Up until the day when twelve-year-old Maya sees the color bleed from the world, the weirdest things she’s ever heard of are the stories her dad tells her about his travels. She hasn’t believed his magic-filled tales of battling werehyenas, fleeing impundulu, and outwitting elokos for years, but she knows she saw the world turn grey, and her friends’ explanations of ghost invasions and poisoned food can’t explain it. Still…she must be making it up. Right?
But then she sees ferocious werehyenas on the nighttime streets of Chicago. And there’s a shadowy man twined with silk ribbons lurking in her dreams.
Just when Maya becomes sure she can’t be imagining this, she learns the truth. Her dad is a spirit-god, an orisha, and the guardian of the Veil, a barrier which separates Maya’s world from the Dark. But the Veil is tearing, courtesy of the powerful and malicious Lord of Shadows on the other side. And Maya’s dad is the only one who can repair it.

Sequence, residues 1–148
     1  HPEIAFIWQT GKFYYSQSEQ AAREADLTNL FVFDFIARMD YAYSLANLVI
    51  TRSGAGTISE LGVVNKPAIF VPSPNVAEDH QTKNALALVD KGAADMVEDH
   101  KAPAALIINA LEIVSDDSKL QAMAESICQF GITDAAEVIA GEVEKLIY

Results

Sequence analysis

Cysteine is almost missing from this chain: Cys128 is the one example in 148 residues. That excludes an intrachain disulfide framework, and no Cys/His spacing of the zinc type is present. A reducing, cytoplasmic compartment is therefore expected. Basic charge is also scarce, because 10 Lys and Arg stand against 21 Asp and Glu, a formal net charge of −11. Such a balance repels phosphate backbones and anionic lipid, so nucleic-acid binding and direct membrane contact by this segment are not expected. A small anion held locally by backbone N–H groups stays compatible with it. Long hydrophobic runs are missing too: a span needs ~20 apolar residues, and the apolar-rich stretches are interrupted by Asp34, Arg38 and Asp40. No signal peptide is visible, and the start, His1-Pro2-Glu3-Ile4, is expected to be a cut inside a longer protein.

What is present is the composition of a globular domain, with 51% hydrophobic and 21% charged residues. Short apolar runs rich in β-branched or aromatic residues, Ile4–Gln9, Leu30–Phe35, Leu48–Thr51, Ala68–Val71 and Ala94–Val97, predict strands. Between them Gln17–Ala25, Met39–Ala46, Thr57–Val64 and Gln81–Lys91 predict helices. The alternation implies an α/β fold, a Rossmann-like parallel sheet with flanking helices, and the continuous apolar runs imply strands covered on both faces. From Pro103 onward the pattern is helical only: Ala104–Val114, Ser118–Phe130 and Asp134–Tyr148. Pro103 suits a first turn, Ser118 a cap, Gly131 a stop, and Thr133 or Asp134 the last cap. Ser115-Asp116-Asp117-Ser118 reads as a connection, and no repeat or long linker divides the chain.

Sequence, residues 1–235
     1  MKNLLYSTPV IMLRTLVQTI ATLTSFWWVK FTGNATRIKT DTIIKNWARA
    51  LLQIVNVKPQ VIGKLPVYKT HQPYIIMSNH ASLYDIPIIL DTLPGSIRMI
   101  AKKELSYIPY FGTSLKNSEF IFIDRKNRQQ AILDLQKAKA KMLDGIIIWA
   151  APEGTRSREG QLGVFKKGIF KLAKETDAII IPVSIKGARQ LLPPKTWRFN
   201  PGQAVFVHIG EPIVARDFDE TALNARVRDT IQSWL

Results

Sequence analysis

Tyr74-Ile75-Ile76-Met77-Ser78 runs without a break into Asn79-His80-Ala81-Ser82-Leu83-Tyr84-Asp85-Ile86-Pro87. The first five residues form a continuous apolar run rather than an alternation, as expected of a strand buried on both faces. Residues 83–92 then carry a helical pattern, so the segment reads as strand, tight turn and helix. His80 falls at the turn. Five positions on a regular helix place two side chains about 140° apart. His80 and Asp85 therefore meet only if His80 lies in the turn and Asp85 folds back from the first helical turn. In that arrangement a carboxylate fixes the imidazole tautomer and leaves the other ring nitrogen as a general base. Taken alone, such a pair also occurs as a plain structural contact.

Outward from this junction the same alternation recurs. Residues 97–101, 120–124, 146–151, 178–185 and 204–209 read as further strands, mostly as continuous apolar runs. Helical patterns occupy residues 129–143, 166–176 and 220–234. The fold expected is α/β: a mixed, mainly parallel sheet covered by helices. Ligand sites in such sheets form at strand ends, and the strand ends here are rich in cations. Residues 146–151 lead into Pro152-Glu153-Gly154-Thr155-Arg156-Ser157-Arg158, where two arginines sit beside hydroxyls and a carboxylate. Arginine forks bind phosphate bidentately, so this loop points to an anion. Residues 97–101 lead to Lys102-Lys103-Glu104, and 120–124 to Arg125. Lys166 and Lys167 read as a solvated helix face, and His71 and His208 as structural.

But when her dad is taken by the Lord of Shadows and the other orisha don’t dare to try to rescue him, Maya knows she’s the only one who can enter the Dark to get him back. Because not even the Lord of Shadows can keep this determined half-orisha from getting to her dad.
Maya and the Rising Dark is a well-plotted, fast-paced fantasy novel full of unique characters and multilayered magic. Maya feels like someone I could know, and her reactions to learning about a whole side to her world she never knew about feel realistic. Rena Barron weaves a complex universe of magical creatures and orishas over our everyday world, in a way which reminds me of Aru Shah and the End of Time. I’m looking forward to reading future books about Maya! I highly recommend Maya and the Rising Dark to fantasy fans ages nine and up, particularly those who like stories drawn from diverse mythologies.